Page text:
Surveys can be a huge distraction, and you don’t want to distract your users from following your sales funnel and using your platform.

In 2018 Zendesk published a report claiming that 16% of people thought surveys too annoying, about 20% found them too time-consuming, and 12% found them too long. On top of that, 70% of respondents admitted to abandoning surveys before finishing them.

While this report is a perfect example of a linkable asset you can create using customer research surveys, it does raise some alarm as to how to successfully run customer surveys.

There’s no single way to make sure your customer surveys provide useful data without annoying your customers. Here are a few ideas:

  • Make them short and easy to complete
  • Offer a reward for completing a longer survey
  • Using email marketing statistics, segment your email list and send longer surveys to more active and responsive users. Be careful with email marketing to avoid some mistakes.
  • Tie your surveys to a specific action. PayKickstart can help with that. PayKickstart’s “Surveys” feature helps you set up surveys based on a particular action, e.g. after cancellation, after refund request, after showing up at your event, etc. These surveys are well-timed, and hence trigger a better response.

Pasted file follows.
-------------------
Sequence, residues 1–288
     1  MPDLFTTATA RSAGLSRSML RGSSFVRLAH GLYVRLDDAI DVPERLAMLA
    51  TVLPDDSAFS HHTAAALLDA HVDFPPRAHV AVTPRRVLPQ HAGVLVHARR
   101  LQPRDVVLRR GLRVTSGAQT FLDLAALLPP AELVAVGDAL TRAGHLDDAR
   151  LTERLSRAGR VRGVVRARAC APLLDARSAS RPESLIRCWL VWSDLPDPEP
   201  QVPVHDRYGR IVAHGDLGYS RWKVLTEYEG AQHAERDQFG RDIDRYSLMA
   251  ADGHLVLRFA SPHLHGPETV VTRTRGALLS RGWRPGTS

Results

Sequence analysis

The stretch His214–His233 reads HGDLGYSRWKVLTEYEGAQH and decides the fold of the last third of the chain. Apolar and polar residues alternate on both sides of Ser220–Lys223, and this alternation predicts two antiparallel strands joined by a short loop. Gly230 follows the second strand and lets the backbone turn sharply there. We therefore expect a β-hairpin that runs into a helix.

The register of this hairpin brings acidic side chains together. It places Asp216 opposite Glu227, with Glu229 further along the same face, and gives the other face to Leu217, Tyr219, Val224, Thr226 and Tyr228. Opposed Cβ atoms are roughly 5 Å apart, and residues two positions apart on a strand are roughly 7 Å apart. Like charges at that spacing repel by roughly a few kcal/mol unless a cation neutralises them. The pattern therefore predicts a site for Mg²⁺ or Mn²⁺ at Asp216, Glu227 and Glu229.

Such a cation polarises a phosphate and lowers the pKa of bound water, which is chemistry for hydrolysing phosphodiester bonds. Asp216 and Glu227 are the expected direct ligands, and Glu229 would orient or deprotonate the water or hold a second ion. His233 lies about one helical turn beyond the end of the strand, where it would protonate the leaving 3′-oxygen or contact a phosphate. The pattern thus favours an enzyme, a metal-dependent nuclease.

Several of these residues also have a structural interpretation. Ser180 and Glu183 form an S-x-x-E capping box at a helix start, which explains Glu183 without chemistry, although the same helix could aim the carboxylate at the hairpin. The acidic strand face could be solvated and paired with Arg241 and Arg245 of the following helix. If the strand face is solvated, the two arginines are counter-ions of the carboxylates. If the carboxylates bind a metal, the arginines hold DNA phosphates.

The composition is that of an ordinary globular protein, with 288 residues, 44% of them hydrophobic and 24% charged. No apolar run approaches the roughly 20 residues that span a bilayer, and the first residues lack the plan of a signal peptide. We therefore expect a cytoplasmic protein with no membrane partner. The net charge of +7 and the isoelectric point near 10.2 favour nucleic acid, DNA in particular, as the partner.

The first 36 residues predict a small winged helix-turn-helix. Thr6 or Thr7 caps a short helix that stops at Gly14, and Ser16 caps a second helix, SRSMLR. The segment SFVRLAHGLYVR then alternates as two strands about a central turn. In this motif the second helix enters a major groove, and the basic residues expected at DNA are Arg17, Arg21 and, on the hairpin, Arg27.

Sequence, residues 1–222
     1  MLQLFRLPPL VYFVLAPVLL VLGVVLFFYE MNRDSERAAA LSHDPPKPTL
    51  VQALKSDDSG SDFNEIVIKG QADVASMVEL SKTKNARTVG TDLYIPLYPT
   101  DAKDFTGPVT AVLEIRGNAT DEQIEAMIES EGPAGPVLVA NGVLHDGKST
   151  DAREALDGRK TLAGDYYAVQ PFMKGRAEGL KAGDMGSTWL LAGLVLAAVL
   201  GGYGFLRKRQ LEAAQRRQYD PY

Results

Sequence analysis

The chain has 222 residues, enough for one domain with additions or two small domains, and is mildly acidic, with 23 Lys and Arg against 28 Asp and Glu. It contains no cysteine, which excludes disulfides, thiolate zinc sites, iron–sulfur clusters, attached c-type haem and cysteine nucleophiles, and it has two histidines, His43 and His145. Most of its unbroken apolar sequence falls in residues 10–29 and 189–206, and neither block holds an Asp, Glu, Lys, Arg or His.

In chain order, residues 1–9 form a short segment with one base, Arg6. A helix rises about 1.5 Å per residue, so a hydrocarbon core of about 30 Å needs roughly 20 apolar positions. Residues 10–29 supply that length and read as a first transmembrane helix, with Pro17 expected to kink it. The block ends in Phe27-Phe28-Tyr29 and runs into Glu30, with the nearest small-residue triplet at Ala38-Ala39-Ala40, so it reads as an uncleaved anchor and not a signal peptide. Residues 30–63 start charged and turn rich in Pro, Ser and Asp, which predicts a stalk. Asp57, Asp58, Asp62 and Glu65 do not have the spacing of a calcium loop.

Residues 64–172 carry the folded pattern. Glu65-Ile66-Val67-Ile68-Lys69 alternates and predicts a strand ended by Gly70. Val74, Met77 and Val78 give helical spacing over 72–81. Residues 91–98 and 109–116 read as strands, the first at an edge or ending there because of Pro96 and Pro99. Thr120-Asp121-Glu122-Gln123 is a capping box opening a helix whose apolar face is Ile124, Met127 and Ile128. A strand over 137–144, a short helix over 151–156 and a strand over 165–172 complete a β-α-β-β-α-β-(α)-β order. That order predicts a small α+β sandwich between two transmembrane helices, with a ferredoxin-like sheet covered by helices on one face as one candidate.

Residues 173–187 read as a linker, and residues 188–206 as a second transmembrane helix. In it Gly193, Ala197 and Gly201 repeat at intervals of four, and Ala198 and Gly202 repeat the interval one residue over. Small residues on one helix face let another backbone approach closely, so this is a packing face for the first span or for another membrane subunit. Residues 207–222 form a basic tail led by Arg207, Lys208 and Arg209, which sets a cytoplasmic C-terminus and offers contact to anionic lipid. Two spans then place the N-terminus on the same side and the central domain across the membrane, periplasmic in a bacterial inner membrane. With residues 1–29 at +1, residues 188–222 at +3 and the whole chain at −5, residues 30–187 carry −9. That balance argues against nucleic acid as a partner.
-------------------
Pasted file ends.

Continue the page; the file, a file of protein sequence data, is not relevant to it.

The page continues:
PayKickstart’s “Surveys”
PayKickstart’s “Surveys” feature helps you set up surveys based on a particular action

Collect and publicize your data. Your surveys can be used to collect favorable feedback and turn them into social proof. Curate it on your social media accounts and your “Testimonials” page. Additionally, you can create short video clips that show statistics clearly using easy video editors.

Conclusion

Customer surveys are the most important tool at any SaaS marketer’s disposal. They can help you save accounts, create a more personalized marketing strategy, and collect unique data no one else has access to.

By using customer surveys strategically, SaaS founders can create much more useful products and increase their revenue considerably.

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Ann Smarty

Ann Smarty is the Brand Manager at Internet Marketing Ninjas, as well as co-founder of Viral Content Bee. Ann has been into Internet Marketing for over a decade, she is the former Editor-in-Chief of Search Engine Journal and contributor to prominent search and social blogs including Small Biz Trends and Mashable. Ann is also the frequent speaker at Pubcon and the host of a weekly Twitter chat #vcbuzz